Pain and morbidity related to the spinal disease are one major cause of in-person patient-doctor visits (1). Magnetic Resonance Imaging (MRI) is one of the best modalities in evaluation of spinal stenosis, which can assess the vertebral body, intervertebral disc, ligaments, spinal canal, and neural foramen accurately. Also, it is a good method for diagnosis of tumors, infections, and degenerative diseases (2-4).
In MRI, the accurate number of the cervico-thoraco-lumbar and sacral vertebrae is an important factor in treating abnormalities in this area especially before any surgical intervention; therefore, incorrect numbering leads to complications, which is the main reason for patients to complain (5-9).
In lumbar MRI, a radiologist usually evaluates the lumbar vertebrae level based on the morphology of vertebral body, lumbosacral angle in the sagittal view, and situation of intervertebral discs. Choosing the exact location of lumbar vertebrae when using lumbar radiography or MRI alone can be incorrect, because the occurrence of Lumbosacral Transitional Vertebra (LSTV), a common type, is 30% (5-7)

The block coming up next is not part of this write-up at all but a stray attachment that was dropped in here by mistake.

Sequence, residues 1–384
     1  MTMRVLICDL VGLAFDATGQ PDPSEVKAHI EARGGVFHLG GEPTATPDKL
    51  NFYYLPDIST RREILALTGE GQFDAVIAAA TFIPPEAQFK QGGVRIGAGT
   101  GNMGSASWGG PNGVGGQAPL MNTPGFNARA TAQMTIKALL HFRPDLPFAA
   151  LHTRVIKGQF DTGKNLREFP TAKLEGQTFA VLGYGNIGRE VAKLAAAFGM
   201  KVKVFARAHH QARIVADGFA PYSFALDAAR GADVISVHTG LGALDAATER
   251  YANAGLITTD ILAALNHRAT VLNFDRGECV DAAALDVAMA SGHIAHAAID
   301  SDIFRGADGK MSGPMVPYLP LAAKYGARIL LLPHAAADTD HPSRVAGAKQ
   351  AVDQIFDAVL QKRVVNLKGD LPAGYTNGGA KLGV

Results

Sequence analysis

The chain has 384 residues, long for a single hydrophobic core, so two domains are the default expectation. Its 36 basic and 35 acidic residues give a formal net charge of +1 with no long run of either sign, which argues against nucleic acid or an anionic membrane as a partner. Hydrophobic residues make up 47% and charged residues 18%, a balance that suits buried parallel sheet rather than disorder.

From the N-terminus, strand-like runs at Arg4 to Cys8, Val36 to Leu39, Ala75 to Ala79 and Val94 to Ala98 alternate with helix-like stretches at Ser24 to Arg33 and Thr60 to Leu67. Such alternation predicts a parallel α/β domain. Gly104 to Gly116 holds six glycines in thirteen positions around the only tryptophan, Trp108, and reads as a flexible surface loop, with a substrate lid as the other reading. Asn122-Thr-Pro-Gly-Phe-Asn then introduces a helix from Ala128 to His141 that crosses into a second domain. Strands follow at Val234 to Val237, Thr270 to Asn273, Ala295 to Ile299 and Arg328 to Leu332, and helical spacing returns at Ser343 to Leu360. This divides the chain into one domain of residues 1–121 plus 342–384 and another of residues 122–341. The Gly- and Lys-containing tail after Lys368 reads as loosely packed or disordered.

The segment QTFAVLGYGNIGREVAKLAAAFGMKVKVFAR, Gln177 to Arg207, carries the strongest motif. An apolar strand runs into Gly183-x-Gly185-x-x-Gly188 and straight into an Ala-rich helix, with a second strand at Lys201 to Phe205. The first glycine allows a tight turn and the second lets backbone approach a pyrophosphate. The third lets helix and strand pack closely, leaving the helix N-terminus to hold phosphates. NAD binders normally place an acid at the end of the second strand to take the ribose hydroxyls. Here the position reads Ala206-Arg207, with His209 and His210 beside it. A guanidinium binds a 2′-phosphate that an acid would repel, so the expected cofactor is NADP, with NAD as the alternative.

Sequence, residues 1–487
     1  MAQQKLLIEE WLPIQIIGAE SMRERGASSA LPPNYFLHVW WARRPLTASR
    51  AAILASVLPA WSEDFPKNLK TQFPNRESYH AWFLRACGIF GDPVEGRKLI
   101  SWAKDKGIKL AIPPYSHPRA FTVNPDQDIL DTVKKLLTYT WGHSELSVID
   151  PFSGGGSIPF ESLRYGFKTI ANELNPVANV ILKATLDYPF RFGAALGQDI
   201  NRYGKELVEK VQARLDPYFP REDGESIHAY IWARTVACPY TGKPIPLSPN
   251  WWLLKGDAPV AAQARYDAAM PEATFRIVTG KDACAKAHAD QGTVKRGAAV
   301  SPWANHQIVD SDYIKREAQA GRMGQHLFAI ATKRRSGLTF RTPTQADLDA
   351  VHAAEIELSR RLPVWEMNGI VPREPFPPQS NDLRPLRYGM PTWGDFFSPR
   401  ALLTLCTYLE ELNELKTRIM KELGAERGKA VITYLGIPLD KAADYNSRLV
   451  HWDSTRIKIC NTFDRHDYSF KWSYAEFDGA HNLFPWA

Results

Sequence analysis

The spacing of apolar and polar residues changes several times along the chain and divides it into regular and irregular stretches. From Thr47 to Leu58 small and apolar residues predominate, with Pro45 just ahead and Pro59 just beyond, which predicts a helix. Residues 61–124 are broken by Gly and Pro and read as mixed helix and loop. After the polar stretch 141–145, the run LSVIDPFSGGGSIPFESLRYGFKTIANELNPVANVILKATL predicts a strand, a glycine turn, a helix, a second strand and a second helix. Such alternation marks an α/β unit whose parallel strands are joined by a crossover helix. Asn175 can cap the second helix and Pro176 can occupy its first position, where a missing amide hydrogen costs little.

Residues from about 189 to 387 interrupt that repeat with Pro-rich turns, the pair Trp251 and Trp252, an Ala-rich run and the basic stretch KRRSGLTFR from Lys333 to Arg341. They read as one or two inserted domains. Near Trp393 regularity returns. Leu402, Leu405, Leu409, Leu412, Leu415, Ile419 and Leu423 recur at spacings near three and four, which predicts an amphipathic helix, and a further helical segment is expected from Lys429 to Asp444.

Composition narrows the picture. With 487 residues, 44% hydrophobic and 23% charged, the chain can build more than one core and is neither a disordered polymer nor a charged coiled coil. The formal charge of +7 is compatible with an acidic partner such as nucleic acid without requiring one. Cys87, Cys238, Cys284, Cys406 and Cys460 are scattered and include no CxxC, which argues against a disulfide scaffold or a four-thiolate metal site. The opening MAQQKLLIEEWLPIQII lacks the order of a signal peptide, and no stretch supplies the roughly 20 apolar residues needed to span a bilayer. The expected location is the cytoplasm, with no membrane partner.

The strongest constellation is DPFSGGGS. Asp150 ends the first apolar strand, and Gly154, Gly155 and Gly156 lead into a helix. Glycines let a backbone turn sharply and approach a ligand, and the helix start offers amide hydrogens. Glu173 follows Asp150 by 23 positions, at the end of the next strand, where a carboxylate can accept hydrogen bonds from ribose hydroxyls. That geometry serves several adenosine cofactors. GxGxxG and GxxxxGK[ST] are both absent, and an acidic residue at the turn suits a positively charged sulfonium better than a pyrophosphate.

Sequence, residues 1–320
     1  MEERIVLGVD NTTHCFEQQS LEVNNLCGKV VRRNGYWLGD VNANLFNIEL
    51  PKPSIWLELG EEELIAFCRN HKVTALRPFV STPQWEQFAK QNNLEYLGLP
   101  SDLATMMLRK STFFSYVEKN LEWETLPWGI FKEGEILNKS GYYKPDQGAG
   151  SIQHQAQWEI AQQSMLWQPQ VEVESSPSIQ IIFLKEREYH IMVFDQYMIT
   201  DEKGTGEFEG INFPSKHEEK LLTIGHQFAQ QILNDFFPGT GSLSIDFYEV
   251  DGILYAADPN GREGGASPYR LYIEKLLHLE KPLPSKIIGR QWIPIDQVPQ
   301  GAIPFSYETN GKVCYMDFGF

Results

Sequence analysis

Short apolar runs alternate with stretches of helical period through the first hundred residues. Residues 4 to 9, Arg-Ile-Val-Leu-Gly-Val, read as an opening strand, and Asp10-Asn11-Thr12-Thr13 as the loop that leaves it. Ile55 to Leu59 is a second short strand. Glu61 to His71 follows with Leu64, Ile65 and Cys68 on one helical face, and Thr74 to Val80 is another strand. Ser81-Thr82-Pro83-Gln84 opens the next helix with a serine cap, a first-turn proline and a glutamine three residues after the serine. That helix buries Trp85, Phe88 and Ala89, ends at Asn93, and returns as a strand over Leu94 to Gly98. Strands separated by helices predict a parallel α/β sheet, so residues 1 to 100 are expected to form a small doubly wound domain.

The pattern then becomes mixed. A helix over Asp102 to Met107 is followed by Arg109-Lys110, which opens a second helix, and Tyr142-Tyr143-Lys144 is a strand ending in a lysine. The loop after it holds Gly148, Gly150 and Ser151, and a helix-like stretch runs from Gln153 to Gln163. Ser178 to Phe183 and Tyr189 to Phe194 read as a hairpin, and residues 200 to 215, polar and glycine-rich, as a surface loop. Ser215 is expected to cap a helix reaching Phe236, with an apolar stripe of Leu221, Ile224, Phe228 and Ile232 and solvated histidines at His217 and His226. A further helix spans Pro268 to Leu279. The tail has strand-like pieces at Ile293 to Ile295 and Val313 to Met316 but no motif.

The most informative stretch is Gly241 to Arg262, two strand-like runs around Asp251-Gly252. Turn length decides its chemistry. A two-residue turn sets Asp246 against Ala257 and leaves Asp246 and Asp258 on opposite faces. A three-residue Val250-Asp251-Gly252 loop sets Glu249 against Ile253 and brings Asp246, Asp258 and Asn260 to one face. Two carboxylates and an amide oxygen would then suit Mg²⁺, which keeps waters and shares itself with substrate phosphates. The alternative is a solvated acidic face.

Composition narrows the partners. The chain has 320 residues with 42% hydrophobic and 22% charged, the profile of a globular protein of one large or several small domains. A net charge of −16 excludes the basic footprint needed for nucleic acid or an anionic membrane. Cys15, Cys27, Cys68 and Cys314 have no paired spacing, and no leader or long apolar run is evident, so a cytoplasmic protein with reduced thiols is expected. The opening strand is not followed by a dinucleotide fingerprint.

In this study, the anatomical position of paraspinal anatomical structures in the vicinity of thoracolumbar vertebrae was examined and the potential role of paraspinal anatomical structures was assessed for exact numbering of spinal vertebrae.
Materials and Methods
In this descriptive cross-sectional study, 51 patients were enrolled for full spine MRI including cervical, thoracic, and lumbosacral spines.
The patients with spinal anomalies, deformities, severe scoliosis, kyphosis, and lordosis ,congenital anomalies, vertebrae collapse, compression fracture, metastatic infectious diseases, age under 18, trauma and previous spinal surgery were excluded. The study was approved by the ethical committee of Tehran University of Medical Sciences.